More people have died in California from two weeks of nonstop rain than from wildfires directly in the previous two years, and the downpour is still going on.
In ten counties, at least 19 persons have passed away. Although officials anticipate a boost in that number, it will still be insufficient.
According to Georgia Berkovich, director of public affairs at the Midnight Mission, a long-standing human assistance group in Los Angeles’ Skid Row, those living on the streets may be living on cardboard or in a tent that can’t sustain the cold weather we’re having. At least two members of the Midnight Mission group perished from exposure to the rain, according to Berkovich, but their deaths were not formally connected to the severe weather and are therefore not counted among the official death toll.
The electricity grid in the Golden State has also been severely damaged by the storms, highlighting once more how vulnerable the grid is to the effects of climate change. Since New Year’s Eve, hundreds of thousands of California electrical consumers have had power outages (some numerous times).
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The Los Angeles Times Reported:
According to Ric O Connell, executive director of GridLab, a nonprofit organization specializing in electricity grid reform, this is sort of the new normal and what the climate catastrophe has brought us. According to him, Californian officials and utilities should analyze the system holistically, taking into account cutting-edge techniques and new technologies that can produce more reliable energy supplies even in times of emergency.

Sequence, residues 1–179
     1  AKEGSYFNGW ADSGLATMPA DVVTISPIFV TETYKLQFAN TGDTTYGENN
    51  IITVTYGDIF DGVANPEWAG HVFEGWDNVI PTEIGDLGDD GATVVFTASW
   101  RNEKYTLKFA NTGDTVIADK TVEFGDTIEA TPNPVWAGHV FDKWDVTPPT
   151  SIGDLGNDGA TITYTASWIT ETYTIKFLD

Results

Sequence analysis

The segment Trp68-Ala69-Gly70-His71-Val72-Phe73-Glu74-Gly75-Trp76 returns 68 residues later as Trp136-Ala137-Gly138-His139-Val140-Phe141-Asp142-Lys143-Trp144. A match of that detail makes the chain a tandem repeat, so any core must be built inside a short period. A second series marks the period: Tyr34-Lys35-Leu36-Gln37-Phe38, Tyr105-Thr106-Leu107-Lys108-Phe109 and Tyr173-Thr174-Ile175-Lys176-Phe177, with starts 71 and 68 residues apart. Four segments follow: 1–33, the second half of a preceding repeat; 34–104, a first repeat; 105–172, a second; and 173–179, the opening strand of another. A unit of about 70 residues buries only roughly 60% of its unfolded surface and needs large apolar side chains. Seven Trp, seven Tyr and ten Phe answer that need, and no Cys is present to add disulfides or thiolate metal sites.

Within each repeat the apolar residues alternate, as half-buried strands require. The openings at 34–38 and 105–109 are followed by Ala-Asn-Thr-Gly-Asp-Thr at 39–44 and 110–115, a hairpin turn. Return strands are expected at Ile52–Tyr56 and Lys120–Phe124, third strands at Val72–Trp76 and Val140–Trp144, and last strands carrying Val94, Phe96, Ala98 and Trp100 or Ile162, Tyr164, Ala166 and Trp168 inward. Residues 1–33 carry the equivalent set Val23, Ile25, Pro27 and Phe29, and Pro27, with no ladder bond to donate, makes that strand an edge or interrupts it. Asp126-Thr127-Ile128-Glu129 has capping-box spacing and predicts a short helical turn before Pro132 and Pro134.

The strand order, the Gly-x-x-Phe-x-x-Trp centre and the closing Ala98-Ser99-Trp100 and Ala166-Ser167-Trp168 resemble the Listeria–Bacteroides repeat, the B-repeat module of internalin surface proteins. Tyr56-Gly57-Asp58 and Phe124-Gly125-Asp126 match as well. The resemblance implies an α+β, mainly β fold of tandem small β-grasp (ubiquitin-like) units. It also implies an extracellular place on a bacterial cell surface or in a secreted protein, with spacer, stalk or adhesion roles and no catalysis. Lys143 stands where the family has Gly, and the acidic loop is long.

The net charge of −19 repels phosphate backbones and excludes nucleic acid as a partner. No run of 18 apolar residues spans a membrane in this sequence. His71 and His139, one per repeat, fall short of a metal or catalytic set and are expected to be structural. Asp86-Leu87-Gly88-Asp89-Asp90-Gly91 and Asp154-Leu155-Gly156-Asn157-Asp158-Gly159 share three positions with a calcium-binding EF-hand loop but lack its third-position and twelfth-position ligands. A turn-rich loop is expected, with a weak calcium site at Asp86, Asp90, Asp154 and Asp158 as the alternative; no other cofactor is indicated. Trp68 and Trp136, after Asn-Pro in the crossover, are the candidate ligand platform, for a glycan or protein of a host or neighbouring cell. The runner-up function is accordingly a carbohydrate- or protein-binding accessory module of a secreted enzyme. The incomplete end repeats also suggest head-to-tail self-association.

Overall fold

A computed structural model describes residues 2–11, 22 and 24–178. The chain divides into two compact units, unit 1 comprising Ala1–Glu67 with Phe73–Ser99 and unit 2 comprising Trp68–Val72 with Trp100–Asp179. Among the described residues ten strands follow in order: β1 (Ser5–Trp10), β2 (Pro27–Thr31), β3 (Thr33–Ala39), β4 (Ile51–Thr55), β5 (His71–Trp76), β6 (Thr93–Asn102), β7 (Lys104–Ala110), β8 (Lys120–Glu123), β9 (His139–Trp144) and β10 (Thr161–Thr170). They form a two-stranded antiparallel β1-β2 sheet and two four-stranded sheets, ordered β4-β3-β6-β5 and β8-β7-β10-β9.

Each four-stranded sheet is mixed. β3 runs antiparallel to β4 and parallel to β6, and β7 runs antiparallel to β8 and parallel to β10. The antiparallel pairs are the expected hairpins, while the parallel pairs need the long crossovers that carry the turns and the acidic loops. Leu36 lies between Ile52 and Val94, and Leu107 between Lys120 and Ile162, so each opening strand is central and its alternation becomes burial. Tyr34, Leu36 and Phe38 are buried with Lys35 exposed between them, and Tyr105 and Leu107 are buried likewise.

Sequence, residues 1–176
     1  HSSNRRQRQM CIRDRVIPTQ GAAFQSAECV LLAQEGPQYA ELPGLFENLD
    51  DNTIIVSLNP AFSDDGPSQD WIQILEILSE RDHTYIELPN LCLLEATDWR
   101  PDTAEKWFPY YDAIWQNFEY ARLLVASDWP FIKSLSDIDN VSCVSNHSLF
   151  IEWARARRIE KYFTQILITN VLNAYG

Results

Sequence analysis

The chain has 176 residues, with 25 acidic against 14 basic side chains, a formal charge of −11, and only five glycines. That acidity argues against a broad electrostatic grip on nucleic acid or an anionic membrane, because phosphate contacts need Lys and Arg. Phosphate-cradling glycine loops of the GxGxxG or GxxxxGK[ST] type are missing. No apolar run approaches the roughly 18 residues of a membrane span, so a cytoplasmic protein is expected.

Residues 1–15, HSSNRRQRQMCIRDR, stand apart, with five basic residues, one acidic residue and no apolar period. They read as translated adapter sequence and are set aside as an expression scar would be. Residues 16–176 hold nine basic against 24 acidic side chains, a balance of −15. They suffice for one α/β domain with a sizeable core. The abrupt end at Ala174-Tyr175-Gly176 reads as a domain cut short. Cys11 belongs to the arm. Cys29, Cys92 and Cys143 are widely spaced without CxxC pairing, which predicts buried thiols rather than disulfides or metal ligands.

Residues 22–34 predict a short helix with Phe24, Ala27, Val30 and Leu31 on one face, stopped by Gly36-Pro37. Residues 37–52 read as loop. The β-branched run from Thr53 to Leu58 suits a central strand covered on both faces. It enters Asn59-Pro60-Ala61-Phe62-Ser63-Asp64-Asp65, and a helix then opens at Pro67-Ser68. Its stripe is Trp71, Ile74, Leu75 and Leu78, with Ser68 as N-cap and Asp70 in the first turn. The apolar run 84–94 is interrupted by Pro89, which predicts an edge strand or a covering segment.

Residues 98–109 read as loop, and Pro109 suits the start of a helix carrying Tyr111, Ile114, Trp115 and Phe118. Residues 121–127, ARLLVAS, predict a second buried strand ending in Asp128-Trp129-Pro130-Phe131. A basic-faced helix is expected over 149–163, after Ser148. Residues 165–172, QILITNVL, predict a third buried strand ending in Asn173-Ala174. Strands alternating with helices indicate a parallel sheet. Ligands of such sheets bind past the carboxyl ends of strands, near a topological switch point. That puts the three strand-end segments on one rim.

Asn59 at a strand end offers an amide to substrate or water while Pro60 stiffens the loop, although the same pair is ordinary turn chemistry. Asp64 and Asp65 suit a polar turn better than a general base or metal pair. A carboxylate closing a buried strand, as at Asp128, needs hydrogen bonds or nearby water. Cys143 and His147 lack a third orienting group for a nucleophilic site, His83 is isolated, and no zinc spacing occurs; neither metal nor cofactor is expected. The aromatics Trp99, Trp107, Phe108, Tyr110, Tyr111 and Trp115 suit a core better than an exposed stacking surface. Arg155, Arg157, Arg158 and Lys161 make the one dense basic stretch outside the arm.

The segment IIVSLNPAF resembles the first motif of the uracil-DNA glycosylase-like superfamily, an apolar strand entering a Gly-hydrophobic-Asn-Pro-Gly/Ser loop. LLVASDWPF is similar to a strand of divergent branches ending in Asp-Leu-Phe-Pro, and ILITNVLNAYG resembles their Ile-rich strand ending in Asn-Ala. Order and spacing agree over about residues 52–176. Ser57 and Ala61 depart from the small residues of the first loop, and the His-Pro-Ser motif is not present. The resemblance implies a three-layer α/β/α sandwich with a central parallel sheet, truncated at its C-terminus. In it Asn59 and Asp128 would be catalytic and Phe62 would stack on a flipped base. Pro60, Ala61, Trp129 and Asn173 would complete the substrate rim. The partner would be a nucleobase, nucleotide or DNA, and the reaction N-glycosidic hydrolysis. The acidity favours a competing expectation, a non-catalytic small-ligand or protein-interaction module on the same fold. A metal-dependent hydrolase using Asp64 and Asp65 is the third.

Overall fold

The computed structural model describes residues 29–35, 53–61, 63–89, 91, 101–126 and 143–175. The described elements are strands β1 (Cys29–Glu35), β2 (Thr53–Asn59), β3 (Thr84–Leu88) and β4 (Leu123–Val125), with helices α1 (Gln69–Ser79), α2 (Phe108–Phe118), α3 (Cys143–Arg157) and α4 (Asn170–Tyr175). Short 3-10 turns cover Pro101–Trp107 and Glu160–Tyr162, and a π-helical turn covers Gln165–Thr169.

The state’s main energy supplier, PG&E, has plans to bury thousands of miles of lines to better guard against wildfires. Experts said this is one of the more expensive choices, but it would also help minimize the risk of strong winds or falling trees. PG&E’s transmission and distribution lines make up only about 10% of the plan’s estimated $15 billion cost. O Connell claimed that it would be financially unsustainable to move all of the state’s power cables underground.
Given the enormous cost projected for damage and recovery from this sequence of winter storms, O Connell suggested that maybe this wasn’t the wisest course of action because it would actually cost trillions of dollars.
In addition to using green energy technology, boosting local battery storage, establishing more independent microgrids, and improving preparations for how the most vulnerable may obtain power when the grid fails, O Connell mentioned several possibilities for backup power that could boost resilience.
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To Delve Farther Further:
Deaths: The Washington Post; Grid: The Los Angeles Times, NPR; Background for Climate Signals:
Change in the atmospheric river, rain instead of snow, and drought
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